No. Had to.

The first year, we could have not practiced in the spring if we hadn't gone out and got JUCOs, kids that could come in January. After that first year, we only had four or five DBs on scholarship. So the numbers were so poor, just as we're dealing with numbers now on our offensive line, we've had to go out and get January players so that we could make it through spring ball.

Did a majority of your freshmen from your first class end up redshirting?

Played.

Mason Monheim will have the opportunity to be a 50-plus-game starter. We started him and another true freshman, Mike Svetina, at linebacker due to injury. We had no depth. V'Angelo Bentley, he's a corner that will be a four-year starter. We had to play Austin Schmidt at tackle. You don't usually want to play freshmen at tackle, but we had to do that. Justin Hardy started as a true freshman at wide receiver. He'll have his second degree by the time he finishes his fourth year.

This freshman ineligibility thing that's been tossed around, I wonder how that would affect a program that's trying to build.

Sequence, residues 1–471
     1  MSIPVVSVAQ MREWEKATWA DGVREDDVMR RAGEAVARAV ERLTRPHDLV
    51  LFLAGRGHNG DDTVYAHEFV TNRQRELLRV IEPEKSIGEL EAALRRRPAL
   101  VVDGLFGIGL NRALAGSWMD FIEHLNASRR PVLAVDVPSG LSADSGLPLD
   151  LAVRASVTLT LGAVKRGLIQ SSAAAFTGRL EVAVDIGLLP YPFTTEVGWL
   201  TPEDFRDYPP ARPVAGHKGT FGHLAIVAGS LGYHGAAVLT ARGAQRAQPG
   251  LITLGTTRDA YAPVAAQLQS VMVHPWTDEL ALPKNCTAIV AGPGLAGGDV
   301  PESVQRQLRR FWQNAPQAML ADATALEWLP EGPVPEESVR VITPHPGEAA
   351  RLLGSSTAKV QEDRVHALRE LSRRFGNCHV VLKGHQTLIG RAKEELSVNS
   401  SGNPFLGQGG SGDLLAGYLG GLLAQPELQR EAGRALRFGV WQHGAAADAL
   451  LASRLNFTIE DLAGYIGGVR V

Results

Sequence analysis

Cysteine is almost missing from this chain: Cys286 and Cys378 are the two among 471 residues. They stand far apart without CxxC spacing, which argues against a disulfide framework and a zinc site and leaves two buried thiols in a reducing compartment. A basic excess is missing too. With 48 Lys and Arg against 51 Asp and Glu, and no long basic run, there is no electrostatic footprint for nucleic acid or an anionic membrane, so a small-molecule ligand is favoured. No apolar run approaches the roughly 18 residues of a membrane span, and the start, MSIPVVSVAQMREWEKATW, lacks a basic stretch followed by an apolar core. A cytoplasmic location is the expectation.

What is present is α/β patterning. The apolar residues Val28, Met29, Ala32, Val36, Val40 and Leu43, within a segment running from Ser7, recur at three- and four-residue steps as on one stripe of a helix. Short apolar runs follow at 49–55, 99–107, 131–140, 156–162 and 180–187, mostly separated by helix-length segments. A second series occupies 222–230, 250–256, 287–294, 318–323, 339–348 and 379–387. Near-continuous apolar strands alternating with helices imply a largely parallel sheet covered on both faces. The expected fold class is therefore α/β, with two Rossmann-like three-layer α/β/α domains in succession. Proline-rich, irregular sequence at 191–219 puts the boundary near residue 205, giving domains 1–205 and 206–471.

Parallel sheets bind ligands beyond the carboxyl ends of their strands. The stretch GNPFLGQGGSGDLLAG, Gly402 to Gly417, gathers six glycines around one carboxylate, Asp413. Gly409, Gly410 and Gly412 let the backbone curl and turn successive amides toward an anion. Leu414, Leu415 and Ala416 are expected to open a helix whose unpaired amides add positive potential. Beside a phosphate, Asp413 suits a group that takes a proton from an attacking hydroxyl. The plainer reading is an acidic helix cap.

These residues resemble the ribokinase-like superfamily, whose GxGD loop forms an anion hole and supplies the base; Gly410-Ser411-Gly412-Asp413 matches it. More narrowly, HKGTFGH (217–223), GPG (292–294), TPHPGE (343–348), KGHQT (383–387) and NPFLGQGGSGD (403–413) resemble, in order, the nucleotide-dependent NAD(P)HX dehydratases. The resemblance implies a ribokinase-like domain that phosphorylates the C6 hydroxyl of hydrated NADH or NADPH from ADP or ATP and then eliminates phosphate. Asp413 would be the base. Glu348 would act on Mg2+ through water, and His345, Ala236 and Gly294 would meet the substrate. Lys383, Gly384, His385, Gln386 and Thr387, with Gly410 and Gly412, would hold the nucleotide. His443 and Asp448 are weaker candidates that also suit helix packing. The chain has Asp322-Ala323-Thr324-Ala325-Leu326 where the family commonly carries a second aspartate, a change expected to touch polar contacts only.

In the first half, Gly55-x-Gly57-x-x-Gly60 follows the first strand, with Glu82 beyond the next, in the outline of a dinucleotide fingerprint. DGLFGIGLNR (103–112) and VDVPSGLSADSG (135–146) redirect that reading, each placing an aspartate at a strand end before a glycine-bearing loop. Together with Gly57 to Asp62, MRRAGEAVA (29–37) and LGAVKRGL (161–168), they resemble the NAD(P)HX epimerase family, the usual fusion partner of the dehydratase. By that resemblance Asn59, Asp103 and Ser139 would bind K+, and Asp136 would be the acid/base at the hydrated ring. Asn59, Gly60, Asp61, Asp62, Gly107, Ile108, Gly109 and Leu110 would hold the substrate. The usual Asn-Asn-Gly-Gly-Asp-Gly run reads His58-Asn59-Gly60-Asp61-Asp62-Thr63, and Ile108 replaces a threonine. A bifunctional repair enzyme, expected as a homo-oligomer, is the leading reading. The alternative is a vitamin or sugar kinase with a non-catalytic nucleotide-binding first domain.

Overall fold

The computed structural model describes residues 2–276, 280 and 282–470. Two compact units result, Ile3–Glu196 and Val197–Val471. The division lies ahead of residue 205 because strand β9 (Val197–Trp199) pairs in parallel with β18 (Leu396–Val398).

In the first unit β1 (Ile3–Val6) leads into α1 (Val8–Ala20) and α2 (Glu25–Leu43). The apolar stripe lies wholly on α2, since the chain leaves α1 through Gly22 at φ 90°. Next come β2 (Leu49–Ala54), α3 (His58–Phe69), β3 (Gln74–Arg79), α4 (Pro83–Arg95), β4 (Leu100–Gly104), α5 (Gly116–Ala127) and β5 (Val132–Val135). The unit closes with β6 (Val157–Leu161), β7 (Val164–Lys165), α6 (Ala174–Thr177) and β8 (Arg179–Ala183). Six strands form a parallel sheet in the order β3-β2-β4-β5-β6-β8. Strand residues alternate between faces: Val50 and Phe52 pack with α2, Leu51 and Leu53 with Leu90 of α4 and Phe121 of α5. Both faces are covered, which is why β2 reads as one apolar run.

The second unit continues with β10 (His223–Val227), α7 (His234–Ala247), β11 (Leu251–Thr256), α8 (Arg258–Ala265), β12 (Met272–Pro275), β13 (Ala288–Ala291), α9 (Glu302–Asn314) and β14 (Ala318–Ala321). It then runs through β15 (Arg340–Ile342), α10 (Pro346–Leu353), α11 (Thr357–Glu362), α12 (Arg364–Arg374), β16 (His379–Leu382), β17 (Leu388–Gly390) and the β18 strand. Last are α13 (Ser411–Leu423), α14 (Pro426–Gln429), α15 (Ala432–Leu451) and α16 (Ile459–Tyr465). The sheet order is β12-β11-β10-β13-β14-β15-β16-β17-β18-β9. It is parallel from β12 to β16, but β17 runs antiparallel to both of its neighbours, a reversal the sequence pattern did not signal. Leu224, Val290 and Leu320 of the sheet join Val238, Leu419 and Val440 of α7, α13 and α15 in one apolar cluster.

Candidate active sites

It'd be tough. It would've definitely put us in some dire problems early. We've got a lot of players that are coming back for their fourth year as starters or guys who have come in for their first year as junior college players and started for us. So yeah, those first two years, it would've been extremely, even tougher to put players out there.

I've got 21 seniors this next year, and a majority of them already have their degrees. So that means they got their degree before the four years of eligibility.

You guys have improved two wins every year, so I guess that means in a few years in the new eight-team playoff, you're going to go 16-0 ...

(Laughs) I'll take it.

But what, realistically, does Illinois need to do to win the Big Ten West?

I think we just need to play more consistent. The Iowa game, we played three pretty darn good quarters, we're in the football game, we don't make a play and we miss a couple plays, and that's the game of football. We made those plays against Northwestern. We made those plays against Minnesota.